The sight of French fries, aloo tikkis and samosa’s are bound to tickle the taste buds of any Indian. But have you ever wondered the kind of oil that is used to cook these delectable items? In all likelihood the oil that is used contains a high amount of harmful fat called transfat.
Transfats are as bad as smoking, claim scientists, who along with consumer groups are demanding regulations for limiting its use in food items.
Though small amounts of transfats are naturally present in dairy foods and animal products, the most common source of artificial transfat is vanaspati, which has 40 per cent transfat.
Food manufacturers frequently use vanaspati oil because it can be preserved longer, gives food items such as tikki s a solid shape and texture, and is a cheap substitute for ghee.
‘A two per cent increase in the daily intake of transfats – which can be achieved by regular consumption of small- sized French fries or two- and- a- half samosa s or one plate of bhatura for about a year – is associated with a 23 per cent increase in risk of heart disease. This has been indicated by many studies,’ Prof Anoop Misra, president of the National Diabetes Obesity and Cholesterol Foundation ( N- DOC), said.
Transfats are also associated with risk of diabetes, infertility and certain types of cancers.
However, most restaurants are not willing to disclose the kind of cooking medium they use.
In an ongoing research being carried out by the foundation, out of 25 known restaurants, including a few multinational ones, 21 did not disclose information on the type of oil being used for cooking and frying, while five claimed to be using refined oil.
Five out of 11 roadside vendors openly admitted using vanaspati oil for frying food items like aloo tikki and aloo chaat , four did not reveal any information and two said they use refined oil.
The study also found out that among 150 educated women, only 28 per cent actually know about transfats.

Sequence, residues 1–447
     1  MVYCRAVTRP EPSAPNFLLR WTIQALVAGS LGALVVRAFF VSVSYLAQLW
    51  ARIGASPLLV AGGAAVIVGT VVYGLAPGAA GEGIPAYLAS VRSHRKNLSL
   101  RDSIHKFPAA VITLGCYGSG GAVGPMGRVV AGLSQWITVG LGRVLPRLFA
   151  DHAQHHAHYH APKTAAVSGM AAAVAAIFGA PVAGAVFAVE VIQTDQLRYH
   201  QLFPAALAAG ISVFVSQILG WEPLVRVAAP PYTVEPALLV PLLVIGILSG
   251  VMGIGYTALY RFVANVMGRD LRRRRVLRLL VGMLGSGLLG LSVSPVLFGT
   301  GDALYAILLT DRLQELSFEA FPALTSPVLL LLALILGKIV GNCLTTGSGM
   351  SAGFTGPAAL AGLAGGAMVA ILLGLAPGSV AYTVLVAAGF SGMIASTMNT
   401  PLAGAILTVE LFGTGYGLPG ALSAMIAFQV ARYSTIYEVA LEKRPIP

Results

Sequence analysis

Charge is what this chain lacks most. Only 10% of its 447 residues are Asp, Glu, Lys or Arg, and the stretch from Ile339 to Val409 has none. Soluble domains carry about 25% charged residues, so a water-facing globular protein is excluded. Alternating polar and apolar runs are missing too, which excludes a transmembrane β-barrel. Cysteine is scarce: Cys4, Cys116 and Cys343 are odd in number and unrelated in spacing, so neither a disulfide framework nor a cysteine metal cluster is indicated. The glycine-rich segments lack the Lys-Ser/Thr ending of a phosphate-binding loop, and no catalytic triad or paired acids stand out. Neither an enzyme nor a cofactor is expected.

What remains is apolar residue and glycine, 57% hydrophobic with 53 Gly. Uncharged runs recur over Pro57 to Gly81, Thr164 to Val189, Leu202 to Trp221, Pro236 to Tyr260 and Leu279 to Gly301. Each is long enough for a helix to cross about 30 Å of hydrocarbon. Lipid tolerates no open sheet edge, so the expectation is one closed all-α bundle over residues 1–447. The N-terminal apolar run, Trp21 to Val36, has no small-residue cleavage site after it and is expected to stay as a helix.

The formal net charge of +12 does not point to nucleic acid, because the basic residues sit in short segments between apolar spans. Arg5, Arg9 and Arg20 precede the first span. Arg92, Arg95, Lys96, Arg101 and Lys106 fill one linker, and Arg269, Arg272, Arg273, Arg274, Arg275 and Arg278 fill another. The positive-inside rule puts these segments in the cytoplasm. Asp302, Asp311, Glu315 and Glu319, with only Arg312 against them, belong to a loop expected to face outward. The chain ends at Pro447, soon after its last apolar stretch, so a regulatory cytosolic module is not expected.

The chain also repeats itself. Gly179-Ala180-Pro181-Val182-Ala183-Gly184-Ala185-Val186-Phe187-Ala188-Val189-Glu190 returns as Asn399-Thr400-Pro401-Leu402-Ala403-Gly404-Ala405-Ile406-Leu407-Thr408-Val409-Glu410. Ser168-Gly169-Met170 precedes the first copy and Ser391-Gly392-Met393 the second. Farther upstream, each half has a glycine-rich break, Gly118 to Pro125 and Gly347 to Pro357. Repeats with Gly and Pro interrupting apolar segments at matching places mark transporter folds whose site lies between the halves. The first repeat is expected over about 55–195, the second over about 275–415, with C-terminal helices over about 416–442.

Thirty eight per cent women believe transfats do not cause any harm while only 12 per cent were fully aware of their adverse effects.
Among Indian foods, bhatura, poori, samosa, fried aloo chat, halwa, aloo tikki, matthi, namakpara, kachori, fried namkeen and others are rich in transfats.
Examples of western food rich in transfats are patty, cake, pastry, cookies, pizza and rusks.
A committee led by the National Institute of Nutrition, an organisation under the Indian Council of Medical Research, has come out with recommendations to regulate the amount of transfats in oil.
It has argued that the amount of transfats should not exceed 10 per cent of the total fat content in vanaspati oil besides phasing out transfats ‘as early as possible’. Other recommendations include mentioning of transfat content along with that of saturated and unsaturated fat on the labels of all food items and edible oils.
The recommendations have been submitted to the Food Safety and Standard Organisation. The N- DOC has also come out with similar recommendations.
The organisation is also demanding that the amount of transfats should not exceed five per cent in soft spreadable margarine or bakery fats and wants transfats to be eliminated from our diet within a period of two years.
‘If transfat content is restricted to less than 10 per cent in vanaspati, it would decrease the risk of heart disease in approximately 20 lakh people,’ Misra said.
Many more people will benefit from lower cholesterol and blood pressure, he added.